Major Sewer Upgrade Means Loss of Trees, Gain of Capacity
Above: Stock photo of sewer work in East Lansing.
A major upgrade to buried infrastructure on Michigan Avenue between Harrison Road and Highland Avenue will be starting in early March, with site preparations including tree cutting starting as early as next week. The project, which will upgrade storm and sanitary (toilet) sewers, is being referred to as the Infrastructure Restructure.
Scott House, Director of East Lansing’s Department of Public Works (DPW), explained one of several problems that is being addressed through the Infrastructure Restructure.
“The challenge with Michigan [Avenue] is there were a couple sewers there are several sewers in poor condition and are undersized, and part of this is correctly sizing them to improve conveyance.”
He described the existing infrastructure as a “Rube Goldberg machine” and called that section of the sewer as “the traffic jam for the sewers to get to the [Water Resource Recovering Facility] plant.”
The project will necessitate the removal of 30 mature trees from the Michigan Avenue Median.
DPW staff explained that the tree cuts are necessary to accommodate infrastructure upgrades which will run close to the median, and that they have worked with MDOT to save as many trees as possible throughout the nine-month-long construction process.
“We are removing 30 trees,” explained House, “but we are also saving 30 trees” through a design process aimed at reducing how many trees might have ended up on the cutting list.
Below: Scott House presenting at City Council.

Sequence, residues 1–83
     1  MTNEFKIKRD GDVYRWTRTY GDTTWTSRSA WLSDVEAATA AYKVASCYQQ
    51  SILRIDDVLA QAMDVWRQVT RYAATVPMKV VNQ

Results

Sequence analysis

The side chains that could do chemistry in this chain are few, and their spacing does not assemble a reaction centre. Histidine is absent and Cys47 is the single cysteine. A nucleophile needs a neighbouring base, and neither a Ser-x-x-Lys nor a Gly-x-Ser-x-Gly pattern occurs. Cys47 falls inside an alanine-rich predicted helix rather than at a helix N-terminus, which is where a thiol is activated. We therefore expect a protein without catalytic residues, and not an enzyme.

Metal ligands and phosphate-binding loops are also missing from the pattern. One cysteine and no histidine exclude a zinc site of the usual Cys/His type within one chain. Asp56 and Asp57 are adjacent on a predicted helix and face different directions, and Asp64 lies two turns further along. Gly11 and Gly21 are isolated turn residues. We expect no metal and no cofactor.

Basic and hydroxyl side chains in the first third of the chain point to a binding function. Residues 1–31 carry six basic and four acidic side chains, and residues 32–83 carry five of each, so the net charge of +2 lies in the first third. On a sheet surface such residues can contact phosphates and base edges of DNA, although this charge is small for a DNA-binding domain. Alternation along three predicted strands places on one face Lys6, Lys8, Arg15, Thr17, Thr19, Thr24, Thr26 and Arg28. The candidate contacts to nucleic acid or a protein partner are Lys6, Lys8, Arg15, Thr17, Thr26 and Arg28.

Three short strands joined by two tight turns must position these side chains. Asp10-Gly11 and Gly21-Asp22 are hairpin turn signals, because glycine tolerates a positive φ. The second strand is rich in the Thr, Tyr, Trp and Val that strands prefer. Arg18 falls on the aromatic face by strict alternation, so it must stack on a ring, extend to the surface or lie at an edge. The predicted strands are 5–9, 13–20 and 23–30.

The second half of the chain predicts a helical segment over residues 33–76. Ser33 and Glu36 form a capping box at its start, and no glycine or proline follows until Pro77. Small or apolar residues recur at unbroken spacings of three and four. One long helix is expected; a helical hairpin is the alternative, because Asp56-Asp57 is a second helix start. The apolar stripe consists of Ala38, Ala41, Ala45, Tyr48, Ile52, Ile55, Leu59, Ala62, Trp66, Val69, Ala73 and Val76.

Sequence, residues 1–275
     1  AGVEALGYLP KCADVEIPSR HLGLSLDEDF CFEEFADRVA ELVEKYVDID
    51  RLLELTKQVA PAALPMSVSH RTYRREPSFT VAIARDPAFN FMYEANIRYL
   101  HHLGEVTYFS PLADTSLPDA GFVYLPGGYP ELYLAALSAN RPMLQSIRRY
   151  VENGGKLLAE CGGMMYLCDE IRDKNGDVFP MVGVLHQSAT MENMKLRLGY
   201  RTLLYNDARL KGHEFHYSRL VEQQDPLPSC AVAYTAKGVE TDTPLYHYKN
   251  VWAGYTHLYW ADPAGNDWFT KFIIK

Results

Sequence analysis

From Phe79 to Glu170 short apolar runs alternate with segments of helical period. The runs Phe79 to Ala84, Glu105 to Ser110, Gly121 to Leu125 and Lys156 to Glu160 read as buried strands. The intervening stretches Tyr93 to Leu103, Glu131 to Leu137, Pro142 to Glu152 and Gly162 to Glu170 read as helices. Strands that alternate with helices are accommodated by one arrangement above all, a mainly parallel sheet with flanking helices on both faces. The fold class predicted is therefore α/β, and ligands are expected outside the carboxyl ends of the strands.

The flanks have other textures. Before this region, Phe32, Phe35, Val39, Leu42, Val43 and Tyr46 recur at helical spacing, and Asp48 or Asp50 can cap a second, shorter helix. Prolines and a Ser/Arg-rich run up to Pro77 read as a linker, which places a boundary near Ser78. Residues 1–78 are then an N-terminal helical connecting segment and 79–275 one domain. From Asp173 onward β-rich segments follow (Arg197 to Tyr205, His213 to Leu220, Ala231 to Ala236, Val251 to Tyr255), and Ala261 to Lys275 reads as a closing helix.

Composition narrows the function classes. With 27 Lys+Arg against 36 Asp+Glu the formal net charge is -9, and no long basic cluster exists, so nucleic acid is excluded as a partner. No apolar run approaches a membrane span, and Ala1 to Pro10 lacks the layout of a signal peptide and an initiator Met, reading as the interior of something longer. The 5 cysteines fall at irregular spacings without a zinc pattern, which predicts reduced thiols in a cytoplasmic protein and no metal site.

According to Engineering Administrator Nicole McPherson, trees will start being marked for removal during the first week of March and cutting could start soon after.
It’s important that all tree removal be done before March 31 because there are two endangered bat species, Indiana and northern long-eared bats, which will be returning to the area and establishing nests in local trees.
McPherson emphasized that any trees that are removed will be replaced during the restoration phase of the project.
One benefit of the Infrastructure Restructure will be the separation of storm water runoff from the area, allowing a large quantity of water that would have been diverted to the Water Resource Recovering Facility (WRRF) to be diverted to the Red Cedar River. (The WRRF was formerly known as the wastewater treatment plant.)
According to House, on a regular day the WRRF treats around 12 million gallons of sewage. During a storm event, that quantity can increase to upwards of 40 million gallons, which strains the capacity of the plant.
Another upgrade included in the project is a “large diameter combined sewer,” which will be installed west of the Brody housing complex on the MSU campus and will cross under the Red Cedar River.
McPherson emphasized that the City is working in cooperation with MSU whenever possible and that, because MSU has allowed that branch of the system to cross through campus, it is possible to do the necessary infrastructure work without tearing up Harrison Road between Michigan Avenue and Kalamazoo Street.
However, the intersection of Michigan Avenue and Harrison Road will be closed for several weeks in May.
Assistant Engineering Administrator Bob Scheuerman told ELi that the City is conscious of special events going on at MSU such as commencement and big games. He said that those are taken into account when scheduling major closures.
Because Michigan Avenue is an MDOT-controlled street, maintaining traffic flow through the area is a high priority for both MDOT and East Lansing, and at least one lane of traffic in each direction will be open during construction.
Letters have been sent to property owners and businesses that will be impacted by the construction, and project overview meetings have been scheduled for 4 p.m. on March 13 for local businesses and at 6 p.m. for local residents. Both meetings will be held at the Hannah Community Center and are open to anyone who would like more information about the upcoming construction.
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